The Quiver – Packs


In skiing parlance, “the quiver”  refers to the skis a person may use depending on the conditions and desired mode of travel.  Long and skinny for fast transit across flat areas, short and fat for steep descents in powdery conditions, old skis for “rock skiing,”..and many more.   The joke is you can not have enough skis.

From Catamount Trail Assoc. THEY stole it from the place listed in the watermark… 🙂

Only space and money prevent a person from having all the skis they want for a particular condition.  Some people collect skis to have them; others get skis because they need them for specific conditions.

In the same way, it is how I approach my equipment.

At this point, I do enough different activities in all four seasons that the one-size-fits-all approach of three-season thru-hiking gear would not work for me.

I could get one pack that does it all. But I must confess that I like having options depending on what I am doing.

Theoretically, a vise grip would be fine for most of the very basic mechanical work I do on my car. But a socket set makes things more accessible and more efficient.

Also,  I don’t like to collect gear. I just want something that works.

So with that in mind, here’s the first entry in what I’ll call The Quiver series.

We’ll start with the necessary foundation of most outdoor pursuits: The pack.

~ Updated April 2020 ~

Skiing, climbing, hiking, or backpacking…you have to haul crap.

And the pack is how you generally do it. You put in your stuff, and you take your stuff out.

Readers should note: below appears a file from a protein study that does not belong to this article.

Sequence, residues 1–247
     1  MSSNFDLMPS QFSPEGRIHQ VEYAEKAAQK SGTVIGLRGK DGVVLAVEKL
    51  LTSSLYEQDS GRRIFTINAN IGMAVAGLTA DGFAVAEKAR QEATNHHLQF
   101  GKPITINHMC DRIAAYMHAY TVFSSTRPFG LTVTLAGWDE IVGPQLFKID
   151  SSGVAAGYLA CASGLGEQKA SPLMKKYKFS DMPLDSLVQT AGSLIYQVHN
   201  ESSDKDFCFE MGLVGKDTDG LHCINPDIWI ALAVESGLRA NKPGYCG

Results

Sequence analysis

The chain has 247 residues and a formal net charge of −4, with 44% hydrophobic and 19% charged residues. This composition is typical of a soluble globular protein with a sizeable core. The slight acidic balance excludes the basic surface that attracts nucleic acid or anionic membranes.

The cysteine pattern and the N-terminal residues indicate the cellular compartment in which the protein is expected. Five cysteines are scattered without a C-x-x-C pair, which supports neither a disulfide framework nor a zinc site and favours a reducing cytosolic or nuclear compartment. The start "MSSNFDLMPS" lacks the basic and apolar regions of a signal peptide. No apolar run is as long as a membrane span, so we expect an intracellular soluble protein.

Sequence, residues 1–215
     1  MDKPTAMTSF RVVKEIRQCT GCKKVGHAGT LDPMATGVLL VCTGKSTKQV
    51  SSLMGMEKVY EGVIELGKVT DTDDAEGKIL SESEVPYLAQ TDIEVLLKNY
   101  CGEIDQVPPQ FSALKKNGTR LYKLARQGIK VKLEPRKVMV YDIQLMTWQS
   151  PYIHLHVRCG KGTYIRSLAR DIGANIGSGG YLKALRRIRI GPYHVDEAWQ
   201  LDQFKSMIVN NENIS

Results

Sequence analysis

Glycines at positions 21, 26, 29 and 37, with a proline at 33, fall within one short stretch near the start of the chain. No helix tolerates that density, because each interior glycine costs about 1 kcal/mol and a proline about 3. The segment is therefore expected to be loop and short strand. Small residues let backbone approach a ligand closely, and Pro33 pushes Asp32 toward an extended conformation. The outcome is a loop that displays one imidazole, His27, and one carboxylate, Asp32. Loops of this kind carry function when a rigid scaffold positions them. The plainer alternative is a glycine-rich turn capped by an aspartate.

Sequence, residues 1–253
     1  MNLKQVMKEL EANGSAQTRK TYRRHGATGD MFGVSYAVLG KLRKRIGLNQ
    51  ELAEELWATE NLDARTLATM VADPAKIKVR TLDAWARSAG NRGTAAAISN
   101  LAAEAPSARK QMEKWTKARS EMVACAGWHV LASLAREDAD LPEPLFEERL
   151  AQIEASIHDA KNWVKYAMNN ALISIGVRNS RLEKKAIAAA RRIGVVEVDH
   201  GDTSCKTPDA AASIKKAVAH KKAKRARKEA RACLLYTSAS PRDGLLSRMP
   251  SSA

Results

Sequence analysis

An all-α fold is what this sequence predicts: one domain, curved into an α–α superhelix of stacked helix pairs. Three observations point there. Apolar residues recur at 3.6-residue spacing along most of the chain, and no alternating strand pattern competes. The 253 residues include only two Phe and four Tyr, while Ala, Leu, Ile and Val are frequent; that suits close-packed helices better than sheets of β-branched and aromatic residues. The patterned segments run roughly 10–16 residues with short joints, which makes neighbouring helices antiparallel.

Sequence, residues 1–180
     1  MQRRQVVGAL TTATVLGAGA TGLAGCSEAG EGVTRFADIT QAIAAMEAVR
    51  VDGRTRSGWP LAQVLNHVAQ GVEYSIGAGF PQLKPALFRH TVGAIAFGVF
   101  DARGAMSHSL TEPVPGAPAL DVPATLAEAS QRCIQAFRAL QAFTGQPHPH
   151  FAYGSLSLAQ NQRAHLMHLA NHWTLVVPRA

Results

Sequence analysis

And here are the packs I found work for carrying my crap.

There is no way I can try all the packs out there. My pack choices is not a “best” list. Even if I  hiked 365 days a year, I could not give a fair and thorough review of every pack (or shelter, shoe, stove, etc.)  I could theoretically try out.

Instead, here’s the packs that work for me for various activities. They may or may not be the “best” for you and your needs. All I know is that they work for my needs. My definition of a good pack is that I should not notice it when doing “stuff.”  Your needs may be different.

If I take the appropriate pack for my chosen activity, one of these packs will work well. And, I emphasize this again: For me.


The day pack: A good day pack can take all kinds of abuse. Stuff it in the back of the vehicle for those last-minute hikes, haul groceries at times, become a stand-in travel pack, go scrambling up mountains, get stained with fine red sand from desert hiking, and serve as an impromptu pad at lunch breaks.  All my daypacks end up looking used and abused.

After over five years of regular use, my Gossamer Gear Type II 26 Summit Pack has a lovely patina from use.  I expect a few more years of continued use before common decency says it is time to get another one. Joan extended the shelf life of this pack recently and “Utah-ized” the pack by swapping out the mesh holsters for some repurposed ULA hydration bladder holders. We should be using our Type II packs for years to come.

The mesh water bottle holsters ended up getting torn to shreds over the years on this Gossamer Gear Pack. With an old ULA water reservoir holder, Joan  “Utah-ized” the pack.


The three-season+ pack (solo) and winter day pack:  I use the sturdy, rugged, and all-purpose ULA CDT for both my backpacking and winter day-use trips involving skiing. Stripped down, it is nineteen ounces. The volume, ease of use, and durability have made the CDT a pack that works well for my off-trail backpacking and winter day use when I am carrying bulkier gear. The simple design with a draw-string opening also means I can get my gear in and out of the pack easier. There are lighter packs, but I find them to be “one-trick ponies” that seem to work best for traditional thru-hiking on well-maintained trails.

On Mt. Peale. The high point of the La Sal Mountains. With much of my typical three-season gear.